Billboards in four states and DC demand ICE 'free the families'

Billboards in four states and DC demand ICE 'free the families'
© Mario Peralta/Amnesty International

A project launched by Amnesty International has placed billboards in a handful of states and Washington, D.C., advocating for the release of migrant children who remain in federal custody separated from their parents.  

The $25,000 billboard initiative by the organization paid for signs in Pennsylvania, Texas, Virginia and Washington, D.C. The non-governmental organization said it is also planning letter-writing campaigns and other advocacy measures to pressure Department of Homeland Security (DHS) officials to release migrant children being held in federal detention. 

"We were looking for a home and this is where they've left us," reads one billboard in Karnes, Texas. "Demand ICE free the families." 

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Denise Bell, a researcher at Amnesty International, estimated there are more than six dozen children being held at various facilities around the United States. 

"It is very clear the government has doubled down. They are not going to release these children," Bell said. "These children are forgotten. Let's give them a name and some space."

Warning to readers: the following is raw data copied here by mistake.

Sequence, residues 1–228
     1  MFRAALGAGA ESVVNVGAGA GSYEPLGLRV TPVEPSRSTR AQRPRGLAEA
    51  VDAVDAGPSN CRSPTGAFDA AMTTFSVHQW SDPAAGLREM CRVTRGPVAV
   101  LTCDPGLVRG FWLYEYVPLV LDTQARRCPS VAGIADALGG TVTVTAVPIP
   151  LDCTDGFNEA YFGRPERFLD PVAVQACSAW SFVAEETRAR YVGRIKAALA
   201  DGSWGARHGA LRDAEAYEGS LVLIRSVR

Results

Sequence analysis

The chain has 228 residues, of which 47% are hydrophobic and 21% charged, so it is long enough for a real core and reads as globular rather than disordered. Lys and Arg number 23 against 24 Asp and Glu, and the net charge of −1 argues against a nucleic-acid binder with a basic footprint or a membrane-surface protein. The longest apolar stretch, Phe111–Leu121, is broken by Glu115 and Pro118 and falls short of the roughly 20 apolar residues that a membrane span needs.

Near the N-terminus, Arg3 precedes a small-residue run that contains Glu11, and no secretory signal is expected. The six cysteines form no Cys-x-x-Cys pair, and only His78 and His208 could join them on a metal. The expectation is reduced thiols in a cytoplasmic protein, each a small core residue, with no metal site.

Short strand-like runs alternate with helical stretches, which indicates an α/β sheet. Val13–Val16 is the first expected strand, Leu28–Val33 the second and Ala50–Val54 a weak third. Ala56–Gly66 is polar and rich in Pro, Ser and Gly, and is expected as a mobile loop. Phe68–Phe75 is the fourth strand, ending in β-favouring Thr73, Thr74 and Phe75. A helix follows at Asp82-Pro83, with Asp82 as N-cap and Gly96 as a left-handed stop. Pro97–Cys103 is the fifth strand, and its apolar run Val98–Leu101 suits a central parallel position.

Bell said the new billboard project is a way for the group to "put a human face on an invisible issue."

The organization carried out a similar project late last year, placing billboards in Florida near a migrant detention facility in Homestead to mark World Children's Day.  

"We have seen this administration demonize immigrants for political reasons," Amnesty International spokeswoman Mariya Parodi said. "We have seen them try and implement a lot of policies that just shut down the whole process of asylum." 

"It helps inform the public what this administration is doing to cool intent," she said. 

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President TrumpDonald John TrumpObama calls on Senate not to fill Ginsburg's vacancy until after election Planned Parenthood: 'The fate of our rights' depends on Ginsburg replacement Progressive group to spend M in ad campaign on Supreme Court vacancy MORE, who has touted hardline immigration policy, signed an executive order in 2018 that ended the administration's family separation policy. 

"So we're going to have strong — very strong borders, but we're going to keep the families together. I didn't like the sight or the feeling of families being separated," Trump said at the time.

Parodi noted Amnesty International was critical of several of former President Obama's immigration policies, but the process of amnesty under Trump has been even "worse." 

"We have seen this pandemic really hurt wages for example,"she said. "Here we are spending money to detain kids when those resources could be spent on addressing the pandemic."

The Hill has reached out to DHS for comment.